Putin claims intel shows more chemical attacks planned in Syria

Putin: Rebels may use chemicals, blame Assad
Putin: Rebels may use chemicals, blame Assad

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Story highlights

  • Putin claims that a chemical attack in Syria was staged
  • He thinks Syria's Assad regime will be framed for future attacks

Moscow (CNN)Russian President Vladimir Putin has suggested that unnamed forces inside Syria are plotting to carry out chemical attacks and frame the regime of Syrian President Bashar al-Assad for them.

Putin's comments come during a major diplomatic rift with the United States over a gas attack last week that killed 89 people in Syria's Idlib province.
The White House has accused Syria and Russia, Assad's most powerful ally, of launching a confusion campaign over who was responsible for the attack, in order to protect Assad's regime. Syria and Russia have vehemently denied the regime carried out the attack.
"We have information from a variety of sources that such provocations ... are being prepared in other parts of Syria, including in southern suburbs of Damascus," Putin said Tuesday during a news conference with Italian President Sergio Mattarella.
"They plan to use some substances and accuse the Syrian government of using those chemicals. We believe every incident should be properly investigated," he said.
Putin did not say whom he thought was behind the planned attacks, but he made the comments in response to a question on the likelihood of further US military strikes against Syria.
In response to last week's chemical attack in the rebel-held town of Khan Sheikhoun, the US fired 59 Tomahawk missiles against the Shayrat airfield on Friday, in the country's first strike against the regime since the war broke out six years ago.
Putin repeated those suggestions in an interview on Wednesday with the state-run MIR television station, in which he said the chemical attack last week had been staged and implied that he knew who was planning the alleged future attacks.
The US has sent mixed messages about its position on Syrian President Bashar al-Assad, pictured
"But in order to give a definitive answer, we need to thoroughly investigate this event, and there is no other way, which is what we propose to do," he said, according to a transcript of the interview.
He said earlier he would ask The Hague and the international community to investigate the allegations.
In the same interview, to be aired in full later Wednesday, he said several states had been "nodding like bobbleheads without analyzing the events."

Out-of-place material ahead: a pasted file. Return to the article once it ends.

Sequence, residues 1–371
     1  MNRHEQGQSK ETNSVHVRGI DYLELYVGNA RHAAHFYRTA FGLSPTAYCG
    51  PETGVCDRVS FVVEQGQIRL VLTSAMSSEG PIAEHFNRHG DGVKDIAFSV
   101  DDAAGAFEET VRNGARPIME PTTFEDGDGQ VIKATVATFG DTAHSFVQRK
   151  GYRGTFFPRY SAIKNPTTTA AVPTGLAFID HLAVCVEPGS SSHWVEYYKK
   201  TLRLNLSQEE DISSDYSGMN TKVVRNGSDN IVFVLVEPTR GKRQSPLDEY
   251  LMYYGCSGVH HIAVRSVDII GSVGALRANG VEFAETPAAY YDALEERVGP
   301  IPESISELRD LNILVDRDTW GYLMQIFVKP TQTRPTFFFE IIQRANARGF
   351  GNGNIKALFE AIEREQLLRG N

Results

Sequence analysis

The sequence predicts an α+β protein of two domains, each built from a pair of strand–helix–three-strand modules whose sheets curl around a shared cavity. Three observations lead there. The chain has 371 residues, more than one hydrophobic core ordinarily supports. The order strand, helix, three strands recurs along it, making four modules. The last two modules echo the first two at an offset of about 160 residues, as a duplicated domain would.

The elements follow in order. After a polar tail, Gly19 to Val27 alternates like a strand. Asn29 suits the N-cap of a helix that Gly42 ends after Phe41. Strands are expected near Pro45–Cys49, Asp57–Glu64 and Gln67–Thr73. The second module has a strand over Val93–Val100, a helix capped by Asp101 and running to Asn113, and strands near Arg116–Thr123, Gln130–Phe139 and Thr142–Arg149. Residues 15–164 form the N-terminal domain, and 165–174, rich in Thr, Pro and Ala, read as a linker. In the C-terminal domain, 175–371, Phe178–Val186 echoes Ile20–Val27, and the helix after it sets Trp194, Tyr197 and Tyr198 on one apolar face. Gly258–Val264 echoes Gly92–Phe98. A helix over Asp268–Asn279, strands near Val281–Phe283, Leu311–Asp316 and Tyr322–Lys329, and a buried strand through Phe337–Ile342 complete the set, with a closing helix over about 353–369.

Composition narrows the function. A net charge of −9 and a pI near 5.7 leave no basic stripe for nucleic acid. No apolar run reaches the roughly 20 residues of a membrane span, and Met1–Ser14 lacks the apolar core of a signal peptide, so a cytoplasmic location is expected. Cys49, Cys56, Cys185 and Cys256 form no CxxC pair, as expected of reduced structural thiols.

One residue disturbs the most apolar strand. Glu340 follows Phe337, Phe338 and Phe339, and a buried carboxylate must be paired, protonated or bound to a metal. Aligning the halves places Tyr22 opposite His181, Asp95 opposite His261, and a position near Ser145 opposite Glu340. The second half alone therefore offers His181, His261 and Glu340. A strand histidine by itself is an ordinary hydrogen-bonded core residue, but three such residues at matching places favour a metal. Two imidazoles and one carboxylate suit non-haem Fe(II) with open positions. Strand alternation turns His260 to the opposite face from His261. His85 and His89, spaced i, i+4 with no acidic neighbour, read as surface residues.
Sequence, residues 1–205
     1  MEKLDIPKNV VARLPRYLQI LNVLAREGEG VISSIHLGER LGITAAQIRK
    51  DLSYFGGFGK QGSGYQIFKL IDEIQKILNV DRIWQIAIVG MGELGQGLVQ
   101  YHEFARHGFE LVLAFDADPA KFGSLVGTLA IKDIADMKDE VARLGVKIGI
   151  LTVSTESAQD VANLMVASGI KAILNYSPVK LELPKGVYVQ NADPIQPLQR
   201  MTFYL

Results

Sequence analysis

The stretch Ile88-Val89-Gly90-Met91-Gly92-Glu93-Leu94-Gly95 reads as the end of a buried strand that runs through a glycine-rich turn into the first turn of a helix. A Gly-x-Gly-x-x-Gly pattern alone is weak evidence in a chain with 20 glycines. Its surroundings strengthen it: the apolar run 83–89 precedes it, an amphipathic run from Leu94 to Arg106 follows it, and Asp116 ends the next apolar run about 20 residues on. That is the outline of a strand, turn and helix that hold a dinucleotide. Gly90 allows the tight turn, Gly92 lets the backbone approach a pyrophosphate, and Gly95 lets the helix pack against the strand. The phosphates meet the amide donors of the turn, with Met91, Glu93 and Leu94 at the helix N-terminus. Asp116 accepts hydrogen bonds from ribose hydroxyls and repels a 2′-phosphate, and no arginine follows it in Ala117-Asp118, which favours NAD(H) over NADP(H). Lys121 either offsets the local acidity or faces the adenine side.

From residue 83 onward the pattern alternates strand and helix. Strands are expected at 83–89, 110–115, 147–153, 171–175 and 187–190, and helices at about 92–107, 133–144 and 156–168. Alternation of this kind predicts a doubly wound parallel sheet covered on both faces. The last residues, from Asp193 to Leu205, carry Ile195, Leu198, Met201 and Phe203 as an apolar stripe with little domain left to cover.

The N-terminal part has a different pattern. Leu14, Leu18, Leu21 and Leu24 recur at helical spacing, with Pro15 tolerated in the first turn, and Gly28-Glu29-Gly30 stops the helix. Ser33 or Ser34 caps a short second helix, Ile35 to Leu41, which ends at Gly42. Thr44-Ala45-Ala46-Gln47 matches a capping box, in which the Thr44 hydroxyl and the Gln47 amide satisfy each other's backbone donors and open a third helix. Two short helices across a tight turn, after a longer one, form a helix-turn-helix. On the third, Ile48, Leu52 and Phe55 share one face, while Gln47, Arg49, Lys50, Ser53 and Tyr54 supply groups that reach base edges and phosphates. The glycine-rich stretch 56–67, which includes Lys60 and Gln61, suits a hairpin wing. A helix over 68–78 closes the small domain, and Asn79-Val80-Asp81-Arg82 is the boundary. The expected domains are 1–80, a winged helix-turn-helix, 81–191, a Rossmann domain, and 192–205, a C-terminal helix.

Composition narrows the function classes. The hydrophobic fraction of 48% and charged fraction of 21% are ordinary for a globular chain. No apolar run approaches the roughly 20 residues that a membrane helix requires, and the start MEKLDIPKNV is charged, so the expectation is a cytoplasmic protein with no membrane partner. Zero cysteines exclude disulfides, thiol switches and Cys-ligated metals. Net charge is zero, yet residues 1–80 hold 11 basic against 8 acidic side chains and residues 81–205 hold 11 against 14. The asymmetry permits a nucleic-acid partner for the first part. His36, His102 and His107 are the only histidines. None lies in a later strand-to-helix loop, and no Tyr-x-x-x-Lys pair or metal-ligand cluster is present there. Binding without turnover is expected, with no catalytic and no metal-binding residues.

He went on to say that the US missile strike on the Syrian air base was "a clear violation of international law."
"Everyone [NATO members] agrees to it, accepts it and start nodding and expressing their support," he said.
Syrians bury victims of a gas attack in Khan Sheikhun.

Russia-US relations plunge

The chemical attack has widened the wedge between the US and Russia, both of which had expressed hope for a reset in relations following the election of US President Donald Trump.
Putin said relations had worsened.
"The working level of confidence in Russian-American relations, especially at the military level, under the administration of Donald Trump has not improved, but rather worsened," he told MIR.
Putin: Rebels may use chemicals, blame Assad
Putin: Rebels may use chemicals, blame Assad

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    Putin: Rebels may use chemicals, blame Assad

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Putin: Rebels may use chemicals, blame Assad 01:25
In the briefing Tuesday, Putin suggested that Russia and Syria were being demonized.
"Everyone wants to restore relations in the Western community after -- thanks to the former US administration -- many European countries adopted an anti-Trump position during the election campaign," he said.
"Syria and Russia, as a common enemy, provide a wonderful platform for consolidation. We are ready to put up with that for a while in the hope that it will eventually lead us to some positive trend based on interaction."
Putin said the US was using the same tactic it did in the lead-up to the Iraq war.
"This reminds me very much of the events of 2003, when US representatives in the Security Council showed alleged chemical weapons discovered in Iraq. A military campaign in Iraq ensued, which ended with the destruction of the country, an increased terrorist threat and the emergence of ISIS on the international scene," Putin said. "The exact same thing is happening now, and their partners are nodding approvingly."

Mixed messages from the US

To add to the confusion surrounding the attack, White House officials have sent mixed messages on their positions on Assad.
During his campaign, Trump said he was open to cooperating with Russia on Syria and that removing Assad was not a priority. Nikki Haley, the US Ambassador to the United Nations, had expressed the same sentiment before the chemical attack.
But some senior officials in the Trump administration, including Haley, now say that Assad must go.
US Secretary of State Rex Tillerson, who is in Moscow meeting with his Russian counterpart, has taken a softer line, saying he "hoped" the Syrian people would choose to oust Assad from power.
President Trump said that the images of the attack's aftermath moved him to act, launching the Tomahawk strike on the airbase from where the US believes the planes took off to carry out the attack.
US Defense Secretary James Mattis said the airstrike had destroyed 20% of the Syrian government's operational aircraft.
The Russian Defense Ministry said Wednesday that those strikes were not as effective as the US claims. "Figures sounded by the Pentagon of supposedly high efficiency of massive missile attack on Shayrat Air Force Base are made for the American public, not for professionals," according to a statement posted on the Defense Ministry's Facebook page.